Normandy ’44: D-Day and the Battle for France by James Holland – Review
By Victoria Holdsworth
If, like myself, you are lucky enough to still have relatives alive who played a part in the Normandy landings, then this first-hand contact probably offers a richer and more detailed understanding of how those times affected not only them, but the society around them, including the political and economical impacts upon the time period. But to me, this book is still a revelation.
James Holland has given a whole new, fresh insight into the stories from history that we thought we understood from school. He has allowed the reader to be able to form their own opinions from evidence and recollections, all pieced together in a sectional time frame, giving a much better understanding of exactly how events developed. Right from the offset, you are embroiled in the complex strategies that were at play.
According to Allied intelligence, Normandy would be a far greater operation against a prepared enemy. “Ensuring enough men and materiel were landed quickly enough… before any concentrated enemy counter-attack could be mounted was the absolute number-one priority,” writes the author.
Holland has not just covered the British aspect of the war, but all the sides that were involved, no matter how large or small their involvement was. For the first time I found myself looking at this conflict from different perspectives.
Equally, Holland puts forward the case that the British were far from the ‘under-prepared amateurs’ so often portrayed in history. Holland argues that the key to the success of the Normandy campaign was the Allies’ staggering behind-the-lines logistical efforts, which saw the landing of 150,000 troops and large quantities of arms, equipment and supplies, all arriving in unison on the first day. But just as important was the Allied Forces were able to keep the lines of supply coming, and by mid July over a million men had landed, all bringing tanks, ammunition, food until the German forces simply could no longer hold out. This supply of material, alongside the lack of arms supplied to the ‘impenetrable’ German bunkers built above the beaches (their ammunition ran out in just hours) was a major contributing factor to the campaign’s success.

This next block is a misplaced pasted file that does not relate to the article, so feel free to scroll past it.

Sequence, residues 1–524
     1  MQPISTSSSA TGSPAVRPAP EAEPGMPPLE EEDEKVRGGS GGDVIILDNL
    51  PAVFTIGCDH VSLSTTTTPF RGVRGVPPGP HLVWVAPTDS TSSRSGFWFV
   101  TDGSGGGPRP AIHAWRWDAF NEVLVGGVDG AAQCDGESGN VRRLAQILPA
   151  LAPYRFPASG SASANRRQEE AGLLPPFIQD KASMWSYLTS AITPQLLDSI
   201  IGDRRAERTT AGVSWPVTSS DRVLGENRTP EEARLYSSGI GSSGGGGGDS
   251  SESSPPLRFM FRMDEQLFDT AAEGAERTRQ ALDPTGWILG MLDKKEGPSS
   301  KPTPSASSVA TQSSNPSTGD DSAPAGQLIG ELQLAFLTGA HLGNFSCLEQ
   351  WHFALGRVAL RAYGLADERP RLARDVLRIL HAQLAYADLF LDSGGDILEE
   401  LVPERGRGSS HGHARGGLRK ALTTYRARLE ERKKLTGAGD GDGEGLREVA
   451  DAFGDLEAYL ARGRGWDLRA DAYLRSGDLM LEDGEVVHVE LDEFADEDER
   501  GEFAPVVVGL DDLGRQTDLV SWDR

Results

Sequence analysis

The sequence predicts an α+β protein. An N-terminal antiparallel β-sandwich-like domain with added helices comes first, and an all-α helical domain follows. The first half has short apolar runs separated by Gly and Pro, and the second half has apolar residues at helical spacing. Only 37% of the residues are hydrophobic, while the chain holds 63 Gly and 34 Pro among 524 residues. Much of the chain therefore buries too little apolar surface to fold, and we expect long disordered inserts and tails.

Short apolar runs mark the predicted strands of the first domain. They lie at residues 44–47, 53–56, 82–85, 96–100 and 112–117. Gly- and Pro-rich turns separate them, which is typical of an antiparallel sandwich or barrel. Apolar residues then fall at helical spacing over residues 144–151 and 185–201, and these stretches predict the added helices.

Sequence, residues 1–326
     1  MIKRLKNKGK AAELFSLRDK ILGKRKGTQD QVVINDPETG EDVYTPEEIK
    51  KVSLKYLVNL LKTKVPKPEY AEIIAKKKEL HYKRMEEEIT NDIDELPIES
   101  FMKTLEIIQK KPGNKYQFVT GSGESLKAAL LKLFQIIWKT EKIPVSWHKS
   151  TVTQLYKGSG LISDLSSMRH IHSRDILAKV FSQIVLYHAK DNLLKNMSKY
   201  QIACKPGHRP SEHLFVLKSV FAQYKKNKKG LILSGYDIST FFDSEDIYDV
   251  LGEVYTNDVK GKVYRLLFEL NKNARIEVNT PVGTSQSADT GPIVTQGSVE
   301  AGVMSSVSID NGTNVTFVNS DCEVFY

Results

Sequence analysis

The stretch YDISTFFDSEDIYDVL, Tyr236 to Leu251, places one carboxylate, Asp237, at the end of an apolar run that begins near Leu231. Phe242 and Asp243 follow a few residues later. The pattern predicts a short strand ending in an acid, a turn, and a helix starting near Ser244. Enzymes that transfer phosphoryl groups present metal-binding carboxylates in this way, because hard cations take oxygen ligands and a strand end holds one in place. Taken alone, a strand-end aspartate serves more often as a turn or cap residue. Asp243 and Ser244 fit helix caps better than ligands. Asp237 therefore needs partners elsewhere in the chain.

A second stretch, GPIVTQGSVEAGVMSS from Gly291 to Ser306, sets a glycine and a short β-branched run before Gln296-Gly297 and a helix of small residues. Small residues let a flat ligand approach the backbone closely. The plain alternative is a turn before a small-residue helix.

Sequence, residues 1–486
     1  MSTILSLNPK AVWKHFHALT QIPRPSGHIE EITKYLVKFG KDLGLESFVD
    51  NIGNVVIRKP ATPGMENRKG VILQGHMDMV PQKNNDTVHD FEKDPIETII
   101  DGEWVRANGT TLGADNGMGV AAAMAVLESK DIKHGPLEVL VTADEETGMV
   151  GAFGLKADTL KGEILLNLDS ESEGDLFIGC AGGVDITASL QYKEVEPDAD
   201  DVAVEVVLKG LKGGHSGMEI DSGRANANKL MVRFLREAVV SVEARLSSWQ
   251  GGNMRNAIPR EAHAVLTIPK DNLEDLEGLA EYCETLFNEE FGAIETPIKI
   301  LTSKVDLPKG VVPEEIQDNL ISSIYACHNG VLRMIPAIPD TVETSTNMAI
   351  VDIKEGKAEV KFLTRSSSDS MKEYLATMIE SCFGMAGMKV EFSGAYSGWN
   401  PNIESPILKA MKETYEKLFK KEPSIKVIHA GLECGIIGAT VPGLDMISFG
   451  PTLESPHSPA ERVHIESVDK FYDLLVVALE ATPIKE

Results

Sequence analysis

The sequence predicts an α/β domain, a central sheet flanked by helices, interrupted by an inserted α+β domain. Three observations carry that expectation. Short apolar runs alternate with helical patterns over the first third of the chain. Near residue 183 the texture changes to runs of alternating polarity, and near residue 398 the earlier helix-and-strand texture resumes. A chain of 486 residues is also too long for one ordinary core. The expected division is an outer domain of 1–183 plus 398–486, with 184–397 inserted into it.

Operation Goodwood (the battle and strategy to take Caen, in Normandy) is fascinating, conveyed in such a way that you feel you are almost in the room with planners during discussions. It’s a real testament to Holland’s writing abilities. Here, the psychological differences in the strategical planning between Montgomery and Eisenhower is revealed, and brilliantly examined.
“Unbiased and balanced”
In he most compelling chapter in this book, ‘Living Like Foxes’ the author shares some of Mary Mulry’s diary with us, an Irish nurse who was extremely forward-thinking in her approach to treating the wounded. The variety of wounds that Mary found herself dealing with went far beyond the physical. Her insights made massive strides towards practitioners coping with a whole barrage of mental illness and psychological conditions attached to such traumatic conditions. ‘This young man needs far more time than we can give him,’ noted Mary. ‘He needs sedation, reassurance and speech therapy.’
In one heart wrenching entry, Mary describes scenes from an intake of young Canadian soldiers, who had been fighting in the Capriquet battle. Their bodies were stretchered in to the medical tents, charred from a friendly fire incident. ‘Their bodies were black, they appearance horrific,’ wrote Mary. ‘We gave them morphia and more morphia and watched helplessly as they died. We moved the dead out of the ward and got on with trying to save the living. they were all so young and frightened.’
If you thought you knew everything you needed to about Normandy ’44, then please think again and read this book. James Holland’s unbiased and balanced approach will offer new insights with a crucial human touch.
‘Normandy ’44: D-Day and the Battle for France’ by James Holland is published by Bantam Press, £25